County seeks state grants for conservation projects

Contributing Writer

State grant dollars for two conservation projects are being sought by Anoka County.

The county’s Parks and Community Services Committee at its February meeting authorized staff to submit a funding request to the Lessard Sams Outdoor Heritage Council.

According to Jeff Perry, county parks planning and resources manager, the council makes annual recommendations to the Minnesota Legislature for appropriations from the outdoor heritage fund.

The fund was one of four created when the Clean Water Land and Legacy Amendment, which increased the state sales tax by three-eighths of 1 percent over the next 25 years, was passed by voters in 2008. It receives one-third of the annual revenues from the sales tax increase.

Applications are anticipated to be open April 1 through May 26 for grants for the 2019 state fiscal year (July 1, 2018, to June 30, 2019) and an estimated $100 million is expected to be available, Perry said.

The council is seeking habitat program or project proposals that are of primary benefits to fish, game and wildlife; protect and advance the public interest; are grounded in science and reflect “best practices” for natural resources management; take into account existing conservation delivery systems; and encourage efficient and effective conservation solutions, according to Perry.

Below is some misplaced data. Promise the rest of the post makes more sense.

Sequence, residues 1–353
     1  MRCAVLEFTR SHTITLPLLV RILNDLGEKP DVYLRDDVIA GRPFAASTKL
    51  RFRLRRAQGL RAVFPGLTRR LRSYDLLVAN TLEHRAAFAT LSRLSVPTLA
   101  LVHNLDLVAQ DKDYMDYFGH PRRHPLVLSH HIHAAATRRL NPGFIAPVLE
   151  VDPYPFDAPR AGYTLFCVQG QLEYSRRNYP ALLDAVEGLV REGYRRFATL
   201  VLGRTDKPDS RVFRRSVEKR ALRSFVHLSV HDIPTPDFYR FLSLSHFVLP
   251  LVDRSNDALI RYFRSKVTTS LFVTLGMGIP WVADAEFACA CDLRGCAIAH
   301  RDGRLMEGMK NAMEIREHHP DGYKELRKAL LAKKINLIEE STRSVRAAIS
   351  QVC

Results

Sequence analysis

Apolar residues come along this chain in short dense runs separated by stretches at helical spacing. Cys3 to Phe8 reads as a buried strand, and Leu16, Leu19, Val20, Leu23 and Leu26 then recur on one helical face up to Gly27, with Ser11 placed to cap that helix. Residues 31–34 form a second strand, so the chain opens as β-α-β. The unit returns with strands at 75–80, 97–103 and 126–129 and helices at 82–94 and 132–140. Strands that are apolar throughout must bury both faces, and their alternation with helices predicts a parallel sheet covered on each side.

Perry presented the committee with a list of possible projects for funding, but the committee action was to focus on two in the submission: replacing the failing dam and fish barrier at Lake George and riverbank stabilization on the Rum River, he said.

The existing dam and fish barrier in County Ditch 19 near Lake George is 50 years old and the steel sheet pilings that comprise the dam, which are 30 to 40 feet wide, are starting to shift and fail, Perry said.

“They are showing their age,” he said.

In the event the dam fails, the water level on Lake George is likely to be “diminished,” Perry said.

A previous grant request to the Minnesota Department of Natural Resources was denied, he said.

The project has an estimated cost of $475,000, Perry said.

The Rum River riverbank stabilization, where there is erosion in several locations, would take place on public lands in the county along the river, according to Perry.

This includes the three county parks on the river – Rum River South in Anoka, Rum River Central in Ramsey, Andover and Oak Grove, and Rum River North in St. Francis – as well as on county roads adjacent to the river, Perry said.

A cost estimate has not yet been prepared, he said.